All about Bitcoin Forks

Ensuring safety of your Bitcoins after a fork


Bitcoin is managed by its network, and not any one central authority. Decentralization means the network operates on a peer-to-peer (user-to-user) basis. A Blockchain is a decentralized and distributed digital ledger that is used to record transactions across the network so that a Block (a record) cannot be altered later without the alteration of all subsequent blocks and the shared agreement (consensus) of the network.

The first distributed blockchain was conceptualised by an anonymous person known as Satoshi Nakamoto in 2008 and implemented in January 2009 as a core component of the first digital currency, Bitcoin (BTC), where it serves as the public ledger for all transactions. The invention of the blockchain made it possible for Bitcoin to solve the double spending problem without the use of a trusted authority or central server.

Bitcoin’s software code is open source (free) and can be viewed and utilized by anyone. However for those wishing to participate in the Bitcoin network as a miner, node operator, or wallet administrator, need to be updated and changes made to the bitcoin protocol. New features and changing of the core metrics of the protocol are only done with consensus all all concerned.

Soft Forks & Hard Forks


A Soft Fork is an updated version of the protocol which is backward compatible with previous versions. Conducting a soft fork of the Bitcoin software is less challenging on the network as only a majority of node users need to upgrade. All nodes, whether updated or not will continue to recognize new blocks and maintain compatibility on the Blockchain.

A change of the Bitcoin protocol that is not backward compatible with the older version is called a Hard Fork. All the clients in the Bitcoin network will need to upgrade their software for the recognition of new blocks. A hard fork is a permanent divergence in the blockchain that usually occurs when non-upgraded nodes cannot validate blocks created by upgraded nodes. Hard fork execution can create a risky situation if half of the nodes are running the latest version and mining blocks, and the other half are running the older version and mining a different set of blocks. This can result in a fork of the blockchain which is different from a fork of the software, due to different chains.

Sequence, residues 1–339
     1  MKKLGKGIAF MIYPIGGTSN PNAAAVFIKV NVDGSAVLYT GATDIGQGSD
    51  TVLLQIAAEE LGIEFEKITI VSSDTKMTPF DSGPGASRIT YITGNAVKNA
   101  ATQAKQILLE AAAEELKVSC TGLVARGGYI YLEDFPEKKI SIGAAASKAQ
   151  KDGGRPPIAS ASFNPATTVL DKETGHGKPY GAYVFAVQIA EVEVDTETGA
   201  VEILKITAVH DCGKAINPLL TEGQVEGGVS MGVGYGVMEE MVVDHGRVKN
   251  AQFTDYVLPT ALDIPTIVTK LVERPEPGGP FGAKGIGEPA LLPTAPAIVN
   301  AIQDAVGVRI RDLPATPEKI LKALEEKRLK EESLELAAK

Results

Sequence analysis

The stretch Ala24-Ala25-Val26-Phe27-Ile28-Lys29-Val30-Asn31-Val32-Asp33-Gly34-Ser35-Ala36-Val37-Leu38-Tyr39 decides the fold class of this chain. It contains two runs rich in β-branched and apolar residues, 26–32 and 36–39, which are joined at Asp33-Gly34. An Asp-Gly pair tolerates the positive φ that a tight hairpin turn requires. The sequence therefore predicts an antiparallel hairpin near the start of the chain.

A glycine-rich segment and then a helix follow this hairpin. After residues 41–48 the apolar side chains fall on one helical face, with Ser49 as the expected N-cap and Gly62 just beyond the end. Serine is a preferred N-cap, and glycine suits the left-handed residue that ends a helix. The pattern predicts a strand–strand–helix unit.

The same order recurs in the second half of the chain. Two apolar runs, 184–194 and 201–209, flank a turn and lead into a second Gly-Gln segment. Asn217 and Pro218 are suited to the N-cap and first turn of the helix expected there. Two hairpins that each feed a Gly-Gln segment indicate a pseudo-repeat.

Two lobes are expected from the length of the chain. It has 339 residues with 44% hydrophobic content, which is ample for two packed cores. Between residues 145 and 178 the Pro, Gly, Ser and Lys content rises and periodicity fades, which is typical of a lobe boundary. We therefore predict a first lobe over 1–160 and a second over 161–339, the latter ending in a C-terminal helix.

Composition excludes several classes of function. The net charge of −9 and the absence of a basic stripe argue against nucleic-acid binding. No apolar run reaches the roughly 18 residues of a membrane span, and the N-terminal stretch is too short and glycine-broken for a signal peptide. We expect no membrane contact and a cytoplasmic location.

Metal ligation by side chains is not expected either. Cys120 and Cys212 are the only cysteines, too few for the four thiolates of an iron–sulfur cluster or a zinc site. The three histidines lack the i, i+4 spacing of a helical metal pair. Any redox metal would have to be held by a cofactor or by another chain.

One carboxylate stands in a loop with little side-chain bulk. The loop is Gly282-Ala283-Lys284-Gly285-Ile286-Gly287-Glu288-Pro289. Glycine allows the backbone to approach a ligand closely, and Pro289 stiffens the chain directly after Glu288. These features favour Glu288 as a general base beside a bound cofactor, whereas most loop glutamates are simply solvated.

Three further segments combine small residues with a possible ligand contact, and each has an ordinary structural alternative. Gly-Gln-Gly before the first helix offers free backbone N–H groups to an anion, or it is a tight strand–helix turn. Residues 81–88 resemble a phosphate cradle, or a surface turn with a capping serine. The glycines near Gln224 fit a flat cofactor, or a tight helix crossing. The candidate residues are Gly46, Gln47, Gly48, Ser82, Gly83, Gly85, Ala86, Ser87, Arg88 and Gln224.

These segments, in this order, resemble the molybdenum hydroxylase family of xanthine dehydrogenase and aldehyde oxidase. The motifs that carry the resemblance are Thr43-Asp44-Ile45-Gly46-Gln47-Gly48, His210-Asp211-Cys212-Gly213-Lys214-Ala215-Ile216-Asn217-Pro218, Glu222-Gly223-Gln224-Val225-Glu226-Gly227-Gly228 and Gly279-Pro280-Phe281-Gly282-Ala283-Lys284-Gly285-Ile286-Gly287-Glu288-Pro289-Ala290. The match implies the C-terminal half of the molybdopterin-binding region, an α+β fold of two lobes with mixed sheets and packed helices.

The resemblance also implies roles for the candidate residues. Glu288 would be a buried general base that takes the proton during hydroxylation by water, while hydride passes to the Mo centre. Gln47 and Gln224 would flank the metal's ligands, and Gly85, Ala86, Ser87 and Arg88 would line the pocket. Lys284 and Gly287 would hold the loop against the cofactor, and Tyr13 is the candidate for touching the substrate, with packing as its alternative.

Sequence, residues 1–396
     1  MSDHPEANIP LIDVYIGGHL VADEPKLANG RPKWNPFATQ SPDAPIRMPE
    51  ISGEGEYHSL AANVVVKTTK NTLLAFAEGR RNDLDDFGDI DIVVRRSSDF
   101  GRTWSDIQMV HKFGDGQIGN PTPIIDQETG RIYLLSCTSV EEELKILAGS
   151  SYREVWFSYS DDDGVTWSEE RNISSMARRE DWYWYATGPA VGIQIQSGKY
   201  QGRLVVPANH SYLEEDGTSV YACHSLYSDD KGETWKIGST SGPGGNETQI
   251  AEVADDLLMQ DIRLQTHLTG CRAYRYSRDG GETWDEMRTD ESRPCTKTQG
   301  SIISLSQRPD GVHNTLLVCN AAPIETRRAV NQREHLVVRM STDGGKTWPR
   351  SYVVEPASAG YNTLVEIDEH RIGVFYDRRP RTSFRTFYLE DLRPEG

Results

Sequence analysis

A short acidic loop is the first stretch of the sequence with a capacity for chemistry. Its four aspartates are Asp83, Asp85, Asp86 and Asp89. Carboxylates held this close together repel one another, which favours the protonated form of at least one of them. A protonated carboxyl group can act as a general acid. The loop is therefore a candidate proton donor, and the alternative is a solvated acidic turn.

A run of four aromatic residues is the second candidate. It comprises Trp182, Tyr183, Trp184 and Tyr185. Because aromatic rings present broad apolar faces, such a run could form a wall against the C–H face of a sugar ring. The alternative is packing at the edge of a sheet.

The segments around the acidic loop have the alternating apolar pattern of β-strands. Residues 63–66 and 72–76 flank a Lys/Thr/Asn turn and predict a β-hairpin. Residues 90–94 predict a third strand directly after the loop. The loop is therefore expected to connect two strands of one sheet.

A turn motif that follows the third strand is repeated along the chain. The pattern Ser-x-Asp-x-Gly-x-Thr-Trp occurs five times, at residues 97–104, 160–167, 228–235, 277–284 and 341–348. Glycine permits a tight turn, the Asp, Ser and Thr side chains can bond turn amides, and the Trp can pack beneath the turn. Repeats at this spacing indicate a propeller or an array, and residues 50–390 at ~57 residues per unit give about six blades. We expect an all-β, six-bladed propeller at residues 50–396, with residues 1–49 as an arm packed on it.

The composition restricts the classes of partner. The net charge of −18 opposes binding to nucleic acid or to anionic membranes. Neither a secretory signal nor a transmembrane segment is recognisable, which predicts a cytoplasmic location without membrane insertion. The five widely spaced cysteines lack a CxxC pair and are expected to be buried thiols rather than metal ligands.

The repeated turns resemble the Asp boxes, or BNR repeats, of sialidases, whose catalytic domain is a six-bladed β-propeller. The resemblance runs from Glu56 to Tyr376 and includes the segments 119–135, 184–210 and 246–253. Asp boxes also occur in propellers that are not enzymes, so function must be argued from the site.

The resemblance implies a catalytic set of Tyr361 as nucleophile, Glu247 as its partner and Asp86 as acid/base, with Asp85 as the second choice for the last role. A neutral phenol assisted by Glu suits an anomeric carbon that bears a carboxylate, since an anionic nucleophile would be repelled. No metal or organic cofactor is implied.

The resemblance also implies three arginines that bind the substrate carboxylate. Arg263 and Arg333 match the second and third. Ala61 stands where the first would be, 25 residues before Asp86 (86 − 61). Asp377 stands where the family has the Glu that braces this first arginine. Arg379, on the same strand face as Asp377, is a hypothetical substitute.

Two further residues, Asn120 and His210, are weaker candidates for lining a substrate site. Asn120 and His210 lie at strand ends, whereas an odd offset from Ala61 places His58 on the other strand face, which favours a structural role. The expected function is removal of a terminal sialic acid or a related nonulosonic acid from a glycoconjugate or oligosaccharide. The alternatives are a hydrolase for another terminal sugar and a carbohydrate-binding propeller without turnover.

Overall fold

Bitcoin Cash (BCH) - August 1, 2017


As Bitcoin gained in popularity, the number of transactions increased and caused delays in processing and confirming them. There had been several proposed solutions to Bitcoin’s scalability issues, but the one that stood out the most is called Segregated Witness or SegWit. In simple terms, SegWit is an upgrade to the bitcoin blockchain that removes some data from the blockchain to free up space so that more transactions can be processed in a shorter period of time. But the opponents of SegWit wanted larger block sizes.

Eventually a compromise was made for Bitcoin to receive the SegWit upgrade and then increase the block size somewhat. However, this was not enough for some of the community members who wanted larger blocks initially.

Therefore, when SegWit was implemented on August 1, 2017 the bitcoin blockchain split into two to create the new altcoin Bitcoin Cash (BCH) which allows for the creation of larger blocks on its blockchain. The original bitcoin blockchain was updated with SegWit and can now process more transactions than before.

The difference between the Bitcoin blockchain and the Bitcoin Cash blockchain is that Bitcoin has its block size capped at 1 megabyte, whereas Bitcoin Cash’s block size is capped at 8 megabytes.